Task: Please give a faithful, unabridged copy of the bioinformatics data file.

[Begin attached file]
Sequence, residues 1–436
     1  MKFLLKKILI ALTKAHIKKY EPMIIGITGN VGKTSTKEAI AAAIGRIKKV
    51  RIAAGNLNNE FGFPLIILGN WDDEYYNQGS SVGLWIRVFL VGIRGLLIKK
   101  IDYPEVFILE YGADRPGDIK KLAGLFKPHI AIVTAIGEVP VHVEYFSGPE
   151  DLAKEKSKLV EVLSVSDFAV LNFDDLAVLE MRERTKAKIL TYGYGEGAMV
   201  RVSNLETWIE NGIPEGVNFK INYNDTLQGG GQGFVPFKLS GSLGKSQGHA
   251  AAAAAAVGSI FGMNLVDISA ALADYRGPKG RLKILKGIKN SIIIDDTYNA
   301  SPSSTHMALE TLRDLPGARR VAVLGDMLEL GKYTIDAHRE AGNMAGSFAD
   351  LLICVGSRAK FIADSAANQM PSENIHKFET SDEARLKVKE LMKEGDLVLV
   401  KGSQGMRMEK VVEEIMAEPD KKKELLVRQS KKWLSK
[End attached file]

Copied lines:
Sequence, residues 1–436
     1  MKFLLKKILI ALTKAHIKKY EPMIIGITGN VGKTSTKEAI AAAIGRIKKV
    51  RIAAGNLNNE FGFPLIILGN WDDEYYNQGS SVGLWIRVFL VGIRGLLIKK
   101  IDYPEVFILE YGADRPGDIK KLAGLFKPHI AIVTAIGEVP VHVEYFSGPE
   151  DLAKEKSKLV EVLSVSDFAV LNFDDLAVLE MRERTKAKIL TYGYGEGAMV
   201  RVSNLETWIE NGIPEGVNFK INYNDTLQGG GQGFVPFKLS GSLGKSQGHA
   251  AAAAAAVGSI FGMNLVDISA ALADYRGPKG RLKILKGIKN SIIIDDTYNA
   301  SPSSTHMALE TLRDLPGARR VAVLGDMLEL GKYTIDAHRE AGNMAGSFAD
   351  LLICVGSRAK FIADSAANQM PSENIHKFET SDEARLKVKE LMKEGDLVLV
   401  KGSQGMRMEK VVEEIMAEPD KKKELLVRQS KKWLSK